I cried a lot that day, but when I sat down and reflected on that experience, I felt selfish. How could I possibly feel traumatized traveling by something that is way safer than being in a car? How could these irrational feelings actually compare to the devastation, physical and emotional trauma the residents of New Orleans almost 6 years ago? How could anything I’ve ever been through compare to the pain and suffering thousands of people endured at this time?

So what do you say to someone you meet in New Orleans?
Nothing.
You listen.
You listen to the individual experiences people have prior to Katrina, during Katrina and their ongoing struggle to maintain the bright spirits that they have today.
You listen to the stories of strength, hope as well as what it takes to truly survive something so catastrophic.
You listen to how they were able to overcome obstacles that many of us will never have to experience in our lifetime.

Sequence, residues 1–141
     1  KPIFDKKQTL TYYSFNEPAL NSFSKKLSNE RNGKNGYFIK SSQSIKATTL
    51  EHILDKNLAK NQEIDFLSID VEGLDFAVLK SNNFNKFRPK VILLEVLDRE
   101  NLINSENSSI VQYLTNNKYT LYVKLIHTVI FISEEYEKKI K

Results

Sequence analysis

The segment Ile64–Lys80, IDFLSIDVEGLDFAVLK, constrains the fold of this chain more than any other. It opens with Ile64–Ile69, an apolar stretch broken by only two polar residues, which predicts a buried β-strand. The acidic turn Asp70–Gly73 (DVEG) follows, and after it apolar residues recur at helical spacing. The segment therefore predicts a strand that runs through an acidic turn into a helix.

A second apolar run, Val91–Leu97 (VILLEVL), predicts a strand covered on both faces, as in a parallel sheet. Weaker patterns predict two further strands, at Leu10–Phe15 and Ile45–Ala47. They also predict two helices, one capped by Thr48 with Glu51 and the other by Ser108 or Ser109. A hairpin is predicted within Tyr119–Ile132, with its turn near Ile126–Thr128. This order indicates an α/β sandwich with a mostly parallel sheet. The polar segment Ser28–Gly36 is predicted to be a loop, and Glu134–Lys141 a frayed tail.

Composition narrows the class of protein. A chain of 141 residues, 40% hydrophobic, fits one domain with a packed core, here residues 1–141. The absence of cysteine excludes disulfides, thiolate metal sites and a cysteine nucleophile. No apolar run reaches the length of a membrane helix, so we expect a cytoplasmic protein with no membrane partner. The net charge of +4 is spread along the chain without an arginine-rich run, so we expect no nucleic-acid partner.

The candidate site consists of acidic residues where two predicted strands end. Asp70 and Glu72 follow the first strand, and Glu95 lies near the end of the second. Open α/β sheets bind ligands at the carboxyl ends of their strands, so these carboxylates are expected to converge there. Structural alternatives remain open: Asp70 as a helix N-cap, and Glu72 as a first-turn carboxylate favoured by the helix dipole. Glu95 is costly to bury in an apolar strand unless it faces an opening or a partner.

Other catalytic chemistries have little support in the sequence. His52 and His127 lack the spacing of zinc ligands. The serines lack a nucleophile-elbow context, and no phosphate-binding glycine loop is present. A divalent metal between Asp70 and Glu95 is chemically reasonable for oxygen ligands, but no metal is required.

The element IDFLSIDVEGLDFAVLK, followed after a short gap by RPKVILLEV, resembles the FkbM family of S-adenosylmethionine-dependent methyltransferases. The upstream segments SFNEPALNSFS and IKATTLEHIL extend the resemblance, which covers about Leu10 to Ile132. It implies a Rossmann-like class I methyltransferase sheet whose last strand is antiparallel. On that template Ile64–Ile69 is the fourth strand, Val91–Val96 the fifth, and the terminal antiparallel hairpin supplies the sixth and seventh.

You might even wonder how they can possibly be the most optimistic people you will ever meet.

Prior to leaving for New Orleans, I remember looking at as much footage as possible in order to prepare myself for what was to come.
Nothing could have prepared me for what I saw. I remember thinking that after 4 years, every single house should have been inspected and at least well on their way to repair. There was an overwhelming amount of houses that had not been searched, or had been searched, but abandoned. One of the most intense moments for me personally was to see a yellow sided house that read, “Lisa + Donnie R OK” in person. This is an image that came up in several types of media and at this moment, I was actually standing in front of the house. It was so surreal.

One of the first days that our group was in New Orleans, we were touring around, taking in the scenery and I can’t even count how many people offered to grill us something on the barbecue or drive us where we needed to go. On our first day of work, we met a lovely lady that was rebuilding her house.